Facundo Arrizabalaga / EPA
Police stand guard in front of a property being investigated in connection with an alleged slavery case in Brixton, south London, on Nov. 23.
LONDON -- One of the three women allegedly held captive in a London home for 30 years wrote hundreds of love letters to a neighbor, according to reports.
"I'm like a fly trapped in a spider's web," the 30-year-old wrote in one of the notes to Marius Feneck, which were obtained by Britain's Mail on Sunday newspaper. Feneck, 26, lives two floors above the South London apartment where police say the woman was held as a slave.
"I want you to know the truth," she wrote. "These monsters here are absolutely evil and racist.... They said they’d harm you if I don’t promise to stay away from you... and then they imprisoned me here, locking all the doors and windows.
"I daren’t try anything because I know they’ll do something evil to you if I do," she added. "So I’m like a fly trapped in a spider’s web."
Feneck told the newspaper that along with the notes and poems, she also sent him dozens of photographs of herself.
When contacted by NBC News on Monday, police declined to comment on the letters. However, authorities confirmed that they were probing 13 addresses.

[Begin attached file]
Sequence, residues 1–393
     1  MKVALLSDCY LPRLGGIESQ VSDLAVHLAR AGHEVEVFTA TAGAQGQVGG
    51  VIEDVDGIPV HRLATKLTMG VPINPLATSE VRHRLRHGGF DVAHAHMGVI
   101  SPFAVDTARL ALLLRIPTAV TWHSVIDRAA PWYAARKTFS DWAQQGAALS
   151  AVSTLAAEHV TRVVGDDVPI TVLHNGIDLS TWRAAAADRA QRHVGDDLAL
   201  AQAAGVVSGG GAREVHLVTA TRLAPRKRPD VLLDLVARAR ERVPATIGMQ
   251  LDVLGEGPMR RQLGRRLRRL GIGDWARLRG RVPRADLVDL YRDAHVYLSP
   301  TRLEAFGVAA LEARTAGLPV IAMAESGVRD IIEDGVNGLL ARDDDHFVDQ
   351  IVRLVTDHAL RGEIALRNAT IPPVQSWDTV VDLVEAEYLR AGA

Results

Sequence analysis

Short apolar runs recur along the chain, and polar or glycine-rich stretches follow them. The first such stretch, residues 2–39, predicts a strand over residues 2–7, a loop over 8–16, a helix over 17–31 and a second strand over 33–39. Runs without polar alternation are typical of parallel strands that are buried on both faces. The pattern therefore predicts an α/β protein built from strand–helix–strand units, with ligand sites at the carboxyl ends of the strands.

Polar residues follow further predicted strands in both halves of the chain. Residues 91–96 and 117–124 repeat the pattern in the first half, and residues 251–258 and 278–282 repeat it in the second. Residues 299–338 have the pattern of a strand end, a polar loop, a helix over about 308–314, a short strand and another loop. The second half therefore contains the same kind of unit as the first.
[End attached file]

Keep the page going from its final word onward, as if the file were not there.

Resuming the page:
Three “emotionally fragile” women were rescued last month from the home after calling the anti-slavery Freedom Charity, an organization that battles against forced marriage.
The alleged victims were identified as a 69-year-old Malaysian woman, a 57-year-old Irish woman and a 30-year-old British woman. They are currently being cared for by the health professionals, police said.
After nearly a month of investigation, police arrested a 72-year-old man and a 67-year-old woman who came to the United Kingdom in the 1960s.
Metropolitan Police Commander Steve Rodhouse said in a statement Saturday that to the outside world they may have appeared as a "normal" family adding that they were shackled by “invisible handcuffs.”
"It is not as brutally obvious as women being physically restrained inside an address and not allowed to leave,” he added. “What (investigators) … are trying to understand is what were the invisible handcuffs that were used to exert such a degree of control over these women.”
He added that two of the victims had met the male suspect through a shared political ideology and they lived together in what “you could effectively call a collective.”
It was unclear if the 30-year-old woman was born into captivity at the London house, but police said they believed she has lived with the suspects and the other victims her entire life and has had little contact with the outside world. The only official documentation police found for the woman was a birth certificate.
Detective Inspector Kevin Hyland of the Metropolitan Police's Human Trafficking Unit, said on Friday that police do not currently believe the women were subjected to sexual abuse, but were subjected to physical abuse in the home described as "beatings."
U.K. Home Secretary Theresa May wrote in Britain's Sunday Telegraph newspaper that tackling modern slavery in Britain was a "personal priority," saying many other victims were "hidden in plain sight" across the country.
First published November 25 2013, 3:55 AM